Education in Belize: Next Steps points out definitively that the outdated and ineffective Colonial Systems of Education that the Government and Church in Belize insist on maintaining and following today, just as they did long before Independence in 1981, do not meet the nation’s pressing needs in today’s global and digital Age. Interestingly, before our country achieved
Independence, we used to have very productive vocational,
agricultural, and technical schools in that did not stress mere
academic pursuit, but intensely pursued the development of one’s “God given
talents”. Today, these schools no longer
exist. Key phrases: “used to … no
longer”. Why? Who, from his mighty and regal throne,
decided he could change the vision, goals, and objectives of these schools, or
others? Those vocational and technical
schools that existed before Belize Independence served well;
but now they no longer exist! It’s time
to immediately address this pressing need to provide non-academic/non-literary
training, and fill this gaping hole in our nation’s far-from-developed
I wonder if our leaders, in this global and digital age, realize how very important it is that we always have qualified “hands on” workers or laborers. Of course, now that we have universities in
many young adults today want to pursue a university education. That ambition is admirable. However, we will always need farmers,
carpenters, plumbers, architects, electricians, maintenance engineers,
automobile technicians and many other professionals who are not afraid to “get
their hands dirty” while working. Having
worked for many years as a Vocational Guidance Counselor, I know that not every
young student aspires to work in an office or with a computer, or anywhere that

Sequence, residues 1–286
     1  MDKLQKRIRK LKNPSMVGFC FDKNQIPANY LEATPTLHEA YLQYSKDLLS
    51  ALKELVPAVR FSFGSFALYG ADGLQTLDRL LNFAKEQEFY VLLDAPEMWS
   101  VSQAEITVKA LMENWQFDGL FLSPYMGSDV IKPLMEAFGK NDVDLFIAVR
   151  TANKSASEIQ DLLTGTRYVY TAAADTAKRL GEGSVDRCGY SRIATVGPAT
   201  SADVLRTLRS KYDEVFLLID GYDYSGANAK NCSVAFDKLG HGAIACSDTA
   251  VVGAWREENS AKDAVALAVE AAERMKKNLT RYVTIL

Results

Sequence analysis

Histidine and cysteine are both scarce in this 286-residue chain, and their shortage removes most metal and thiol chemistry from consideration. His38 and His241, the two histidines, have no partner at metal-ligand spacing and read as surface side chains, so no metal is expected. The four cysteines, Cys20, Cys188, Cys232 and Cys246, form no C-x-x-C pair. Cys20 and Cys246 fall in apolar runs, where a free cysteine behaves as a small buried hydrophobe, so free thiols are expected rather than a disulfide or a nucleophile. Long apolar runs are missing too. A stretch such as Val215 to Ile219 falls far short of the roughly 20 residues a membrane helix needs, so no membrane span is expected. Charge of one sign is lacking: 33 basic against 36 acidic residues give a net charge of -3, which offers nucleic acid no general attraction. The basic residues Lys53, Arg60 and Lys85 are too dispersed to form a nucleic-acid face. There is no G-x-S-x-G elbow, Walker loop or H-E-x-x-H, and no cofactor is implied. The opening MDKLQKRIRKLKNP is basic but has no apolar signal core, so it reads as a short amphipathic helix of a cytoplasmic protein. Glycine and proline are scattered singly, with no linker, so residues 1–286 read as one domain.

requires “dress appropriately and professionally” everyday. Nevertheless, we should encourage and respect
each student’s choice(s) and also feed their enthusiasm for learning – even for
non-academic or literary pursuits. In so
doing, we can ensure that our cities and towns will not come to a total
standstill due to a lack of much-needed “hands on” workers.
Let’s not rely on outsiders and foreigners to accomplish the work necessary to build, enhance, and productively maintain/supply Belizean towns, villages, and cities from North to South, and East to West. Let us train and produce: farmers to grow our crops; construction professionals, including carpenters, to build our homes/house and office buildings; skilled technicians to ensure that all vehicles and all things motorized or electric always work; maintenance/sanitation engineers to ensure that we always live clean; workers to repair our roads and streets. Even for much-needed entertainment, let us keep opening paths for and producing creative artists from among us to entertain us all. Or, do the current learned Education policymakers (government and church) comfortably assume that “outsiders” will do such work, thus Belizean students only need aspire to get umpteen academic passes in CXC and the other foreign made-and-corrected examinations? If we want to provide quality education to our Youth, those in control of Belize’s Education systems need to Wake Up and Smell the Coffee.
These articles are not intended to be comprehensive or complete. They are written and contributed in an effort to provide a “starting point” for valuable discussion amongst educators, students, and the community. If we discuss and review students’ learning capabilities and the ways in which we currently try to educate them, then we can learn from our mistakes as well as success. Way to go, fellow educators!